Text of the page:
Global indicators, by and large, continue to point towards a modest acceleration of global economic dynamics in 2017.
The improvement has been relatively broad based, with the US continuing to lead the way, notwithstanding slightly mixed data of late.
While the continued, gradual improvement in economic activity in the country increases the risks of additional monetary tightening, overall yield levels are likely to be anchored by persistently and substantially lower yields in other major developed markets, such as the eurozone and Japan.
The prospects of fiscal spending under the new Trump administration in the US may face obstacles in Congress and are likely to be diluted to reduce the impact.
Despite a recent uptick, inflation should stay benign in most of the developed world, especially in the eurozone and Japan. The combined picture of improving growth amid a benign inflationary backdrop should not be disruptive for fixed income in the near term.
Importantly, economic growth in emerging and frontier market economies has stabilised amid relatively high real interest rates, undervalued currencies and stable-to-improving commodity prices. This positive combination of factors should offer the broader emerging market debt (EMD) asset class a better balance against any potential headwinds.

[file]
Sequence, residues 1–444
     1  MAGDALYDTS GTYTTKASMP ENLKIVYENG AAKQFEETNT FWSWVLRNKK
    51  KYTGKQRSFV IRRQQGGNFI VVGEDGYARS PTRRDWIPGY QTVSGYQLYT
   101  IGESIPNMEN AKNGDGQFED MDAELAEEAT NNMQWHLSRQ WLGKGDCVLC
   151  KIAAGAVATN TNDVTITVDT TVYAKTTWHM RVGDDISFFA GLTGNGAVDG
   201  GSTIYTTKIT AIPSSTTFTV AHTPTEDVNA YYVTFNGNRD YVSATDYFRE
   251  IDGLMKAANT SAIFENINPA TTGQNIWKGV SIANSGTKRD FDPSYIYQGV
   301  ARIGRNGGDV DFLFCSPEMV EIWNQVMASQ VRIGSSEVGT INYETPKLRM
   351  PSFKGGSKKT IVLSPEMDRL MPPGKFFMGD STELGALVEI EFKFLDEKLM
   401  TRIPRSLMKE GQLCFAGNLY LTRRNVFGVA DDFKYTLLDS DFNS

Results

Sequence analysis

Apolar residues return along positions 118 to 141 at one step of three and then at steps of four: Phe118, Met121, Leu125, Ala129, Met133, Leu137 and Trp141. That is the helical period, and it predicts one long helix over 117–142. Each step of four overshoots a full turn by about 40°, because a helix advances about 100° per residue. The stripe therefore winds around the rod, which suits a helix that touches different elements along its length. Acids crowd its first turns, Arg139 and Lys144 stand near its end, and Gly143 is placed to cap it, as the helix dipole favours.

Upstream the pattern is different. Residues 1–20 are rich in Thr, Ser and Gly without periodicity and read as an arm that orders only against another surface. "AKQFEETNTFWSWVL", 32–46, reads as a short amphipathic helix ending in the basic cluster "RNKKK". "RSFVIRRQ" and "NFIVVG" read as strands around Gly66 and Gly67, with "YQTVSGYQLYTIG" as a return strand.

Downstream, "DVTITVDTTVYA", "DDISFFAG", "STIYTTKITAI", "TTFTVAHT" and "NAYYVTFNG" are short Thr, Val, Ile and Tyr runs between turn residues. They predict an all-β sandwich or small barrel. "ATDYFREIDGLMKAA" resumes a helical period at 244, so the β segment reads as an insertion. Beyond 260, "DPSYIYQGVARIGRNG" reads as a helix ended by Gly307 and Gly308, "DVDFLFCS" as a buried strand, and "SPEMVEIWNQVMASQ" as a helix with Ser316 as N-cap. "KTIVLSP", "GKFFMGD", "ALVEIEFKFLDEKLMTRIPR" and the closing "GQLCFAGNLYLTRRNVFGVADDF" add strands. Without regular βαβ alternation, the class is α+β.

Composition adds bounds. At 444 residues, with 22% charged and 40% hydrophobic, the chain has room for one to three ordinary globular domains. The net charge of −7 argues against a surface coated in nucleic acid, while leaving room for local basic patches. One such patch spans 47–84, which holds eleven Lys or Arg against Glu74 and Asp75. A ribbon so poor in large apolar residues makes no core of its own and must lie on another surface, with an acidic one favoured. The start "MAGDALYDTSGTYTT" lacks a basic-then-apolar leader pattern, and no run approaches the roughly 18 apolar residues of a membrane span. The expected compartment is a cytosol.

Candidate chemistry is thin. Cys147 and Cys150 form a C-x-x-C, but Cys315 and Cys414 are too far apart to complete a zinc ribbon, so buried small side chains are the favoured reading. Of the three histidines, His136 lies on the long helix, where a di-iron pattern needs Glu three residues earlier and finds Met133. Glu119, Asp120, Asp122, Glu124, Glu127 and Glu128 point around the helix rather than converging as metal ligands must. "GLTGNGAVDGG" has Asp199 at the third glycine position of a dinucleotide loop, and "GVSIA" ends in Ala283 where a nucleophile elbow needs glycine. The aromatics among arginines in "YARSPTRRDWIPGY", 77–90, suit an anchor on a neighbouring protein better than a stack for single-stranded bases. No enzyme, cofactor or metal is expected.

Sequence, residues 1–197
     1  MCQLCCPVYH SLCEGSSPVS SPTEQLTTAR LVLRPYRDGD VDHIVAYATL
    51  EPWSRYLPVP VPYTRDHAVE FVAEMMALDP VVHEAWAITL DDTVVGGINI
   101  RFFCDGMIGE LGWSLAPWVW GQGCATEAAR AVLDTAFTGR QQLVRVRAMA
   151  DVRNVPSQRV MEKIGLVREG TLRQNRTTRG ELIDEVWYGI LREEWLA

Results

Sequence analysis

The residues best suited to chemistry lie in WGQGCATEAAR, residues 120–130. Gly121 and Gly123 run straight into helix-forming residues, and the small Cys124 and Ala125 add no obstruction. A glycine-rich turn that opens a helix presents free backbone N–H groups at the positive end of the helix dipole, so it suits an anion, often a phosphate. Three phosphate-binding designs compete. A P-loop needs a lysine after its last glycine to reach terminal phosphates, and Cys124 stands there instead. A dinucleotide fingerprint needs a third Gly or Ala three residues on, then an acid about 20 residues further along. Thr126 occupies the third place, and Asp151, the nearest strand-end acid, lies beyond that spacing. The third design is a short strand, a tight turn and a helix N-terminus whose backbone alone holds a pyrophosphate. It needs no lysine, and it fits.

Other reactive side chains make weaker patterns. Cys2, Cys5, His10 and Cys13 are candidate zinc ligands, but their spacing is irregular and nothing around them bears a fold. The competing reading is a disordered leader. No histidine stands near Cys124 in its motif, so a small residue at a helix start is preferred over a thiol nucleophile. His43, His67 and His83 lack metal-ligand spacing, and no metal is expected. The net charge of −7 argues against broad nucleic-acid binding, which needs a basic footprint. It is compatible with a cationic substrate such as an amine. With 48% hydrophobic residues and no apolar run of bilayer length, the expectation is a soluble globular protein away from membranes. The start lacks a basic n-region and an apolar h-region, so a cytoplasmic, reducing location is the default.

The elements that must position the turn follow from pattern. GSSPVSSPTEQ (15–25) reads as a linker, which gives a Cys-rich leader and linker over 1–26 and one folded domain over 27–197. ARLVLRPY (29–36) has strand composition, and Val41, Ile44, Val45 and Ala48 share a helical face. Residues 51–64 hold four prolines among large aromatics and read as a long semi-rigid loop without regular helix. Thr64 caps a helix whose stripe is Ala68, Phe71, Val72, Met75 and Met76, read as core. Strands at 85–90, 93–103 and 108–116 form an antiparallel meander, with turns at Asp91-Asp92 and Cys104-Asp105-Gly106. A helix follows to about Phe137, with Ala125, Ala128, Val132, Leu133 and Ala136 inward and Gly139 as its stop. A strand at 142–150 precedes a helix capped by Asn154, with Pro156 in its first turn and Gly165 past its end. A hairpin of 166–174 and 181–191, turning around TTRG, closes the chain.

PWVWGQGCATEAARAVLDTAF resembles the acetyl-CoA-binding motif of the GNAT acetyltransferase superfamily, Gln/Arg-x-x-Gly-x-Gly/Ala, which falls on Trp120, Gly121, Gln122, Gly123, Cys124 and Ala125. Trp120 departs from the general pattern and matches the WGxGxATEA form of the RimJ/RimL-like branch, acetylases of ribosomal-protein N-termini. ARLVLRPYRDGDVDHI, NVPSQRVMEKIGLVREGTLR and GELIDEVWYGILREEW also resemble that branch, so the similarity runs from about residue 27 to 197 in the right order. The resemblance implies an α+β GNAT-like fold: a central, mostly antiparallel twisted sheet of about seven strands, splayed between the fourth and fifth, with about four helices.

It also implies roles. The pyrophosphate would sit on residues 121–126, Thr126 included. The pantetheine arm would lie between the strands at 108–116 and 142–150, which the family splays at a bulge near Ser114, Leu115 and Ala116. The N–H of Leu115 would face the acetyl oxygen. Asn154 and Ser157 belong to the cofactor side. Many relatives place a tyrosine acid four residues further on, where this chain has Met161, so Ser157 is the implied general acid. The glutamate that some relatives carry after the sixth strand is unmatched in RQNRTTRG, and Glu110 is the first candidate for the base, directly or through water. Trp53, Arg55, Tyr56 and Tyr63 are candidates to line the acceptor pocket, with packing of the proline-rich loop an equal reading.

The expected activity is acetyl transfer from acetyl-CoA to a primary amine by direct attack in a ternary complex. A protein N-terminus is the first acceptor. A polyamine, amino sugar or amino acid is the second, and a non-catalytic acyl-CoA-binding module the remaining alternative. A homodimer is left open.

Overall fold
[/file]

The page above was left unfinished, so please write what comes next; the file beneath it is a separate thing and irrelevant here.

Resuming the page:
Valuations, despite tightening, are not far from fair. The frontier market debt index spread was roughly 444 basis points (bps) compared with 310 bps for EMD hard currency at the end of March 2017.
The asset class is probably fairly valued from its own historical perspective, considering improving emerging and frontier market fundamentals. But versus other comparable fixed income asset classes, the valuation is still relatively attractive.
Besides, the emerging and frontier market growth differential with developed markets is forecast to increase. In theory, spreads could still compress a bit further from here.
The net issuance in EMD is expected to be seasonally low in the short term since April redemptions are large. Against this backdrop, the sustained inflows into the asset class so far this year will continue to offer solid support.
The spread in the JPM Nexgem index, which tracks frontier market debt, widened in March by 17 bps. The US Treasury yield curve shifted upwards slightly, with two-year, five-year and 10-year maturities moving up by about 4 bps. This detracted a little from the index’s total return, yet given the relatively high carry it posted a small positive return.
Oil prices were relatively stable, albeit slightly lower, with Brent crude ending the month at $52.8 a barrel. The US Federal Reserve’s rate hike of 25 bps was expected by most market participants, and the risk sentiment also benefited from the Dutch election result, where the eurosceptic far-right Freedom Party performed worse than expected.
The inflows into the broader EMD asset class gathered further momentum in March, at $11bn (£8.5bn), which almost doubled the year-to-date inflows to an overall $22.9bn.